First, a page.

The United Arab Emirates has announced its plans to send another spacecraft to tour the asteroid belt located between Mars and Jupiter. Earlier, they had sent a spacecraft named Hope which is currently circling Mars. Hope‘s successor will be launched by 2028.
The spacecraft has been named MBR Explorer after the ruler and prime minister, Sheikh Mohammed bin Rashid al-Maktoum. The ruler said that the project period would be 13 years, with 6 years for development and seven years for exploration. It would cover a distance of 5 billion kilometres (3 billion miles). This distance would be 10 times what the Hope Probe covered.
The Roadmap Ahead
In February 2030, the spacecraft will reach Westerwald, a 1.4-mile-wide asteroid. It would travel at a speed of 20,000 miles per hour and visit six more objects located in the debris field between Mars and Jupiter. The spacecraft would terminate in 2034 at Justitia, the seventh asteroid, which could give more insights into the genesis of life on Earth.
The last among the seven, Justitia, is the most fascinating one. It is of a very unseen colour for an asteroid, really reddish. The 30-mile-wide rock appears more like the small icy worlds located in the Kuiper belt that revolve around the sun past the orbit of Neptune.
Planetary scientists anticipate that Justitia was formed in the outer areas of the solar system and then was pushed inwards and ultimately joined the asteroid belt by the orbital shifting of giant planets.
The MBR Explorer is planned to enter into the few hundred feet zone of Justitia by October 2034. It will study the asteroid’s composition with high-precision cameras and spectrometers for seven months, and it will also look for the availability of water. The reddish colour is due to the carbon-based molecules which are essential for building up living matter. It will drop a small lander to study the surface of Justitia because scientists expect the presence of a lot of organic matter on the surface bed.
Small Steps Taken By The UAE For The Big Leap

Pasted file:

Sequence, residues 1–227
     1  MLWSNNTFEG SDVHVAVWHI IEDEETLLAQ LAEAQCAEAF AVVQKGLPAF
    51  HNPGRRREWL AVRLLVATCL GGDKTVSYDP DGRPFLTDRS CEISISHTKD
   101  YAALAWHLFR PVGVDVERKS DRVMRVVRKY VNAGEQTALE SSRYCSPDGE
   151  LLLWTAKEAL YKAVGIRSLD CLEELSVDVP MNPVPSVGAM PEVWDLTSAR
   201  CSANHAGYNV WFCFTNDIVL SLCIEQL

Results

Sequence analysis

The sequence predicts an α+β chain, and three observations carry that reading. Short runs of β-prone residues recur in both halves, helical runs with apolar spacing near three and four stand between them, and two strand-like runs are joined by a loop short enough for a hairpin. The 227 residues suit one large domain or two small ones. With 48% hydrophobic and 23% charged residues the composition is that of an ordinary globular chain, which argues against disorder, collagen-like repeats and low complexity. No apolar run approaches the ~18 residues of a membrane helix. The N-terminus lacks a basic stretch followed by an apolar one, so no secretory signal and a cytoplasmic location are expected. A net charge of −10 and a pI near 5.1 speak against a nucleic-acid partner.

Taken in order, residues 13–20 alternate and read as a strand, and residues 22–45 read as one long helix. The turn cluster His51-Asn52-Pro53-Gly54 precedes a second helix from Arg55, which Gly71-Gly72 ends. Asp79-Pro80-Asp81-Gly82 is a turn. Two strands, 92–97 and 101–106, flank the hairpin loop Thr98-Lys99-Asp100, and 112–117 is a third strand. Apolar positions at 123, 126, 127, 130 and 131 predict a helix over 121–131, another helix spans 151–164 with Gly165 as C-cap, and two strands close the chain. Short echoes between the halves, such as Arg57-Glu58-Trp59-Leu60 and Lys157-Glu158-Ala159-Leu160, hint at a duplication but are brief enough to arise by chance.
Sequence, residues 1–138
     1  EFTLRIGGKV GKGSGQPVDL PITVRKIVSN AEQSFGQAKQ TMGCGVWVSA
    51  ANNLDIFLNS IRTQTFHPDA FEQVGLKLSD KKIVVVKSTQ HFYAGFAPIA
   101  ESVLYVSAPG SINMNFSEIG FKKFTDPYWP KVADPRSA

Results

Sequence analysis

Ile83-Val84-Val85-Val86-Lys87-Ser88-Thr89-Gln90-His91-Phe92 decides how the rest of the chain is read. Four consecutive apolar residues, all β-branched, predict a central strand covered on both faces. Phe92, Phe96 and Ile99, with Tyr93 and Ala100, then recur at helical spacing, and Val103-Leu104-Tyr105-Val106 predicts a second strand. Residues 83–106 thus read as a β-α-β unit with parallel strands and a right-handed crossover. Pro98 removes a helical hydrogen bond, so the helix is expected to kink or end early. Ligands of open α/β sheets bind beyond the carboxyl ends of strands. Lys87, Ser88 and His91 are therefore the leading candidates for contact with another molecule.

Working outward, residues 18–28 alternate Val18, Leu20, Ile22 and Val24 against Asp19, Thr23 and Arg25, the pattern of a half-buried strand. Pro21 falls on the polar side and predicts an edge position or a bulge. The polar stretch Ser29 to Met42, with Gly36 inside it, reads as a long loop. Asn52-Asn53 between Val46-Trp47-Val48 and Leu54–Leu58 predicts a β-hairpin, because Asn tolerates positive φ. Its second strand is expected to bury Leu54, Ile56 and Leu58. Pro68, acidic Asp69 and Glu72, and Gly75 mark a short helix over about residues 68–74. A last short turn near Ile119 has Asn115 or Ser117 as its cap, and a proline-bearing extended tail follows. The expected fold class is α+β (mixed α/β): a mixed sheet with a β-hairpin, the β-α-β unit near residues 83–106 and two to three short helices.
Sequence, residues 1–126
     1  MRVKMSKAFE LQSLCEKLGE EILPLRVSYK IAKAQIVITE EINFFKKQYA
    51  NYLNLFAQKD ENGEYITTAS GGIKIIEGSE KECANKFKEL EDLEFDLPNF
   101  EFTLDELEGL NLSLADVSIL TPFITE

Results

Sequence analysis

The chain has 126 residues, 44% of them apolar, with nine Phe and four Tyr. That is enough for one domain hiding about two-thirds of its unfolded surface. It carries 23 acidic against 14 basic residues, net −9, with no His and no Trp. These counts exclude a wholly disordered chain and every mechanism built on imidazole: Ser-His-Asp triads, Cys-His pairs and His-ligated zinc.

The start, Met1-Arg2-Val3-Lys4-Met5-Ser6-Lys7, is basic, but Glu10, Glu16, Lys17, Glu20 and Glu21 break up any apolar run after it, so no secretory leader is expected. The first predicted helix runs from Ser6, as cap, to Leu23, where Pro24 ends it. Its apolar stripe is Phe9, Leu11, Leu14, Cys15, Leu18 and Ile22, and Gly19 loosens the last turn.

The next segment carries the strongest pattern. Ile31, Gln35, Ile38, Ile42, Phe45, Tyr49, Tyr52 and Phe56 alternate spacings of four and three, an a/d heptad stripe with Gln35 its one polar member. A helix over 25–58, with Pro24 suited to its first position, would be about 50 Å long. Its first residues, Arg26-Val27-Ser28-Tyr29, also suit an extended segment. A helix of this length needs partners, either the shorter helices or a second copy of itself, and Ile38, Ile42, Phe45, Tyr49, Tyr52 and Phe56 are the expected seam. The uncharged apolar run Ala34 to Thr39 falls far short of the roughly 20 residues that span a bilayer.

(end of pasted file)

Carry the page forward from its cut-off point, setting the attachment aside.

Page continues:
The United Arab Emirates is a newcomer in the space industry. Just two decades it didn’t even have its space program. But now, it is rapidly fueling the R&D activities to leap ahead in the high-tech industry, thanks to oil revenues.
The Middle Eastern region has made substantial progress in recent years. Two weeks ago, Saudi sent two of its astronauts for the very first time to the International Space Station (ISS). This led the UAE astronaut Sultan al-Neyadi to become the first Arab to take a spacewalk. Back in 2019, Hazzaa al-Mansoori became the first Arab to land on the ISS.
The Emirati Kingdom has been working in the space field for more than a decade. They had launched their first satellite, DubaiSat-1, built in South Korea, where the Emirati engineers worked as apprentices. Nine years down the line, they were able to build a satellite, KhalifaSat, for observing Earth, without external help at the Mohammed bin Rashid Space Center in Dubai.
The Emirates had to seek out foreign help for their Mars mission. They recruited help from the Laboratory for Atmospheric and Space Physics at the University of Colorado Boulder.
Hope was launched in July 2020 and reached the orbit of Mars after seven months. It is currently studying how dust storms in the lower atmosphere affect the intensity at which Mars’ thin atmosphere escapes into space. It has sent high-resolution pictures of the smaller one of the two Martian moons, Deimos.
Sarah al-Amiri, chairwoman of the United Arab Emirates Space Agency, said that after the Emirates Mars Mission, they were looking at what happens beyond in the solar system. The asteroid belt came as an appropriate challenge.
Pete Withnell, the project manager for the Emirates Mars Mission, said that the Colorado Laboratory would have a greater engagement in their asteroid mission. He added that due to the participation of other organisations, the new spacecraft will be assembled in Colorado for the second time.
This time the Italian Space Agency has agreed to provide one of the spectrometer instruments, and the Malin Space Science Systems from San Diego will build two cameras. But there is a requirement which is to manufacture most of the parts in the Emirates. The criteria is to spend 50% of the money within the country to develop the domestic industry.